climate impacts


Oil and Gas: What We Know is Concerning, but What We Don’t is Worse

, UCS Science Network

The U.S. continues to promote and extract domestic oil and gas, even when the market is flooded with this product. Why? Because the collective “we” demands it. Read more >

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Why Climate Finance Matters to Real People

, UCS Science Network

We humans are used to the climate of the places where we live, regardless of how extreme they may be. I witnessed this first-hand during my time in Churchill with Polar Bears International, just a few weeks before COP21. While we were there to track the bears, I found that locals were waiting just as impatiently for the water to freeze and snow to fall, so they could head out to their cabins and trap lines. For all who live in the Arctic, life begins in the winter. But this winter—as in so many winters, lately – the sea ice was late to come, and both bears and people remained trapped on land well into December. Read more >

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Who Brings What to the Global Potluck?

, UCS Science Network

In the aftermath of the weekend celebrations over the Paris Accord, disappointment that the legally binding aspects of the Paris Accord did not include the emission reductions and financing commitments populate my Twitter and Facebook feeds. Does that mean the agreement is a failure? Should we tear it up? Not at all! In fact, the separation of the legally binding versus the voluntary aspects of the accord was a careful, deliberate, and—at least in my opinion—very intelligent choice. And here’s why.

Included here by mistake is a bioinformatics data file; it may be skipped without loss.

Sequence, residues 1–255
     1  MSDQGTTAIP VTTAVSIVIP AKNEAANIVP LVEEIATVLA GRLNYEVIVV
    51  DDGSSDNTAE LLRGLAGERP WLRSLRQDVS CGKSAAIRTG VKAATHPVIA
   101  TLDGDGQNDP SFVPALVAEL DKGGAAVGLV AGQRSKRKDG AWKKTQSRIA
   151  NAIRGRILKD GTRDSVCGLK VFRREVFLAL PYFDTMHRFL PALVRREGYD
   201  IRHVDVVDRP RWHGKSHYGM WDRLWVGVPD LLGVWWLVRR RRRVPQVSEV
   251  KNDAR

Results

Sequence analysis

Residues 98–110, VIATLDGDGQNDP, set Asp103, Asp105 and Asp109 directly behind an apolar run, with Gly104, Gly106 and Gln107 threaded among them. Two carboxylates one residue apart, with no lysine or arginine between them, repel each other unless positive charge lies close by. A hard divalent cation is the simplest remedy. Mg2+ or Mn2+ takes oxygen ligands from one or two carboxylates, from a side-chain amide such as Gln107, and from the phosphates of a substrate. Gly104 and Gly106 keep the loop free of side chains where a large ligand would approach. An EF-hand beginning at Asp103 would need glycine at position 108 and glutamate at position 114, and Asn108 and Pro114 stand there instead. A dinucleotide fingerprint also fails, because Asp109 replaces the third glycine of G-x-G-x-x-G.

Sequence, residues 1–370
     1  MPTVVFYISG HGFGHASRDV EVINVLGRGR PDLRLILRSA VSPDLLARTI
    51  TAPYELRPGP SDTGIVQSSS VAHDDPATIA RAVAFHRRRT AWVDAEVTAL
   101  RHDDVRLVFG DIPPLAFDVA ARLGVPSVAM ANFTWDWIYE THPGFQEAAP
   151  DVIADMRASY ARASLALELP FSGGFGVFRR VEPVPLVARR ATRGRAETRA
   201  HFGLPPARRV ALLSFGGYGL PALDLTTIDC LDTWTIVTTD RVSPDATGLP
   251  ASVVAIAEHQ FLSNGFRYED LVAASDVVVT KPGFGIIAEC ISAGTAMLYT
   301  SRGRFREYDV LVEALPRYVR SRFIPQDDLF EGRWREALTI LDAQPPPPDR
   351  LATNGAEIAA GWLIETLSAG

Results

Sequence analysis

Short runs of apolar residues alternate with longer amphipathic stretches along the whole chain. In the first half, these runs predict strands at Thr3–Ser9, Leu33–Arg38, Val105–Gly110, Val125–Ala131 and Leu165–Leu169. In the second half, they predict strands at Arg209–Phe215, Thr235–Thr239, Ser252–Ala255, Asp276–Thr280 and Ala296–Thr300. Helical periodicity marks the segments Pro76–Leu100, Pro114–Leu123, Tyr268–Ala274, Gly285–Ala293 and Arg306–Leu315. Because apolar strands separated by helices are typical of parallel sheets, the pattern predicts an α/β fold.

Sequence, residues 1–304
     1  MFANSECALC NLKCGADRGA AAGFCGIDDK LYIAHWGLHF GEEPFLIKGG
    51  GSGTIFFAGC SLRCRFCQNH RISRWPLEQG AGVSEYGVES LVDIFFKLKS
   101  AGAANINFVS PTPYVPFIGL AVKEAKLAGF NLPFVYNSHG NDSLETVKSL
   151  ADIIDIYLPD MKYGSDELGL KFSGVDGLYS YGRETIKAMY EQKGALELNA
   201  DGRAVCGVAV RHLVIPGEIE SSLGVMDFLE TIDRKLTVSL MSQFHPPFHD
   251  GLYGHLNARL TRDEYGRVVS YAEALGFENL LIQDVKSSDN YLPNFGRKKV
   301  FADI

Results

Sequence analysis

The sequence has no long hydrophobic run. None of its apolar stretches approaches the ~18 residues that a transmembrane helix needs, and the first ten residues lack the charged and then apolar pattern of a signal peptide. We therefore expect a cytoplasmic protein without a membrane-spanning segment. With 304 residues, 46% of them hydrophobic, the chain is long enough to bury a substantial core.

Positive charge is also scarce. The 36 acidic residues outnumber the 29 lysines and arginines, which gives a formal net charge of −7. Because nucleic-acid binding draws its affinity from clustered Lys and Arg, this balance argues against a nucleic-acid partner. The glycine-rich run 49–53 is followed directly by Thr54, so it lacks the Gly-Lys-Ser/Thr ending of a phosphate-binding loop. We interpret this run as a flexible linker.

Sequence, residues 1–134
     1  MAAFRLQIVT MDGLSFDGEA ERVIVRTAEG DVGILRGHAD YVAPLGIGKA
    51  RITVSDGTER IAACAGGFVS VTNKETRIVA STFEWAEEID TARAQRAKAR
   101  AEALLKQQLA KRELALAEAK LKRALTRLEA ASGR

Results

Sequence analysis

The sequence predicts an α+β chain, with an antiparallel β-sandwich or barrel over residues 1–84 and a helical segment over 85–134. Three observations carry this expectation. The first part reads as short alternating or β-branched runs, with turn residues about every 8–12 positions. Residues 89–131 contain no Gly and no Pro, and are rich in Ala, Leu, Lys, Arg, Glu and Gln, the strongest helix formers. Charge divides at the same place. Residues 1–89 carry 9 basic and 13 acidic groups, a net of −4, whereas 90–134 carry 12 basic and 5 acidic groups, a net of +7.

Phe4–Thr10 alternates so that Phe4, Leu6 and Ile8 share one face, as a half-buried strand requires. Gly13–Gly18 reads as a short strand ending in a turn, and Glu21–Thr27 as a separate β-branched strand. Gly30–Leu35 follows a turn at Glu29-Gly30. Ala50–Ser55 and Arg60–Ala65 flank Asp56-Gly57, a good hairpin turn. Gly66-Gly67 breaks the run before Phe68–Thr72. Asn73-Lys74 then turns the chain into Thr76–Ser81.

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The 25-Year Road to Paris: Talking COP with Alden Meyer

, UCS Science Network

Alden Meyer, director of strategy and policy for the Union of Concerned Scientists has been in attendance at all but one of the Conference Of Parties (COP) meetings organized by the United Nations Framework Convention on Climate Change (UNFCCC) since they began in 1990. Read more >

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Letter from Paris: Impressions from the Inside

, UCS Science Network

Earlier this week, police and climate demonstrators clashed in front of the memorial to the victims of last month’s terror attack. The influence of these tragic events has been evident throughout COP21. During the first few days, with many world leaders in attendance, military snipers staked out the rooftops and low hills surrounding Le Bourget, the site of the negotiations and meetings. Metal detectors, bag searches, and mounted police abound. There’s no doubt the event is changed: it’s smaller, with higher security, and fewer high profile public events. Read more >

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